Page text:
“I actually saw an Abercrombie and Fitch T-shirt for girls that read ‘I’m no good at math’ and was stunned,” assistant professor of psychology Dr. Melissa Terlecki said.
In many area schools, colleges and universities there has been a decline of interest in the math and science departments among girls. This lack of interest in these fields can stem all the way back to early childhood when girls grew-up with Barbie’s and boys were given chemistry sets.
Sophomore business administration major Brittany Fodero said, “I used to love to play with my Barbies and my brother would sit down with his K’nex, so I would see how boys would be into science more.”
“There was even a Barbie doll years back that had a shirt on that said ‘I don’t like math.’ What is that to tell young girls,” Terlecki said.
According to Time magazine there is no significant gap between fourth grade boys’ and girls’ math scores on national tests, but once they arrive at the high school level, the split is more apparent on the SATs. Girls actually score about seven percent lower on the math section than boys do.
Physician and psychologist Leonard Sax said, “By age 12, you will have girls who don’t like science and boys who don’t like reading and they won’t ever go back.”
The percentages are even more evident when men and women graduate from a college or university. According to Time magazine, in government and the private sector, women occupy just under one quarter of science and engineering jobs. Also, in the academic world, men dominate jobs in the physical science and engineering field.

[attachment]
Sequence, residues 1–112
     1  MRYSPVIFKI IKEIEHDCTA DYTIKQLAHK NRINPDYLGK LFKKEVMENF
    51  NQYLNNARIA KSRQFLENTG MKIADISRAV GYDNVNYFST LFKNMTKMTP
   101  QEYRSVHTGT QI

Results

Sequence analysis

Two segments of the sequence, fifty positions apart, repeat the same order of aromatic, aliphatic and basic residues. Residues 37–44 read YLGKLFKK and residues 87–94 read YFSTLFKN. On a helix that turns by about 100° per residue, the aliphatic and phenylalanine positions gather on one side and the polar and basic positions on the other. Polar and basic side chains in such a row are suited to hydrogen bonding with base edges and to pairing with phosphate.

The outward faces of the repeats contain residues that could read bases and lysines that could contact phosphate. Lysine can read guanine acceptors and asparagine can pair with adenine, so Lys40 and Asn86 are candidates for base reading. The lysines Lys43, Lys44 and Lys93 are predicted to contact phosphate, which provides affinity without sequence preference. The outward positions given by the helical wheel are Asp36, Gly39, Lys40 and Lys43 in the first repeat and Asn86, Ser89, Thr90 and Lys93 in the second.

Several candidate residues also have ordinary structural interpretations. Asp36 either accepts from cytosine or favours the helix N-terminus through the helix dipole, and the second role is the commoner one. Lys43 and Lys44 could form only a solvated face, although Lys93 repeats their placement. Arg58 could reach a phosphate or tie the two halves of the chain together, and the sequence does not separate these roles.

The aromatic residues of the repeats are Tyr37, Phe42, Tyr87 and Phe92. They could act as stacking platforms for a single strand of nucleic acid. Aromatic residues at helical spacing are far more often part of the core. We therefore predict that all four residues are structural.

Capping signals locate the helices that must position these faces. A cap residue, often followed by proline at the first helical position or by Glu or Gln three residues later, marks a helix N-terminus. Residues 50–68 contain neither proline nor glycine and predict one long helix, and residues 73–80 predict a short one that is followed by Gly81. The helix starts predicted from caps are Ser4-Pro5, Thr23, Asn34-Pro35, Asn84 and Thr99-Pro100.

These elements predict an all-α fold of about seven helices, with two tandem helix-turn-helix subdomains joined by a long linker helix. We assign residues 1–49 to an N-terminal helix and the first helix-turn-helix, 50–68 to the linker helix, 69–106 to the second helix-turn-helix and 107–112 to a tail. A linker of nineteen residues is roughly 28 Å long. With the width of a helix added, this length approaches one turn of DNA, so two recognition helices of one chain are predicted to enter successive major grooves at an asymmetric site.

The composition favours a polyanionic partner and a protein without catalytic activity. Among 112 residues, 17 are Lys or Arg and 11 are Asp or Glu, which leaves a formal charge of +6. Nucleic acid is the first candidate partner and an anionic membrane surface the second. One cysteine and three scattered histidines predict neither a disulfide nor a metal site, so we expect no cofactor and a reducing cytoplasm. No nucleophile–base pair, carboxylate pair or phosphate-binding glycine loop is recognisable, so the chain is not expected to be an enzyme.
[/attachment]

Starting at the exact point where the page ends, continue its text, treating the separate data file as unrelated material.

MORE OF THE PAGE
Because of these statistics, Terlecki is overjoyed to be a part of the program “Discover the Future: A Science and Math Extravaganza for students grades five to seven,” which encourages children to gain interest in the math and science areas at an early age.
This event will take place on Saturday, March 24 at Pennbrook Middle School and Terlecki is one of the women helping to engage children in math and science related activities.
“This is my second year involved with the program and it brings together other women that are scientists, mathematicians and psychologists.”
At “Discover the Future” there will be workshops set up that will test and allow the children to learn aspects of both of these subjects. The workshop that Terlecki holds focuses on spatial ability, which is the ability to mentally manipulate 2-D and 3-D figures. It is usually measured with simple cognitive tests according to www.ldeo.columbia.edu.
Freshman early childhood education major Paul Levine said, “I can see how girls don’t want to go into math and science because it’s more of a hands-on type of material. Girls like to read and write, and I know I absolutely love math and science.”
Sophomore elementary education major Kara Driver said, “When I was younger and in school, I hated that all of the boys would do better than me on math tests, and then I just started giving-up.”
Tereleki said, “What is the best about the program is how cute the kids are after they are finished for the day. They didn’t know how much fun math and science could be and that’s what makes this event a success.”
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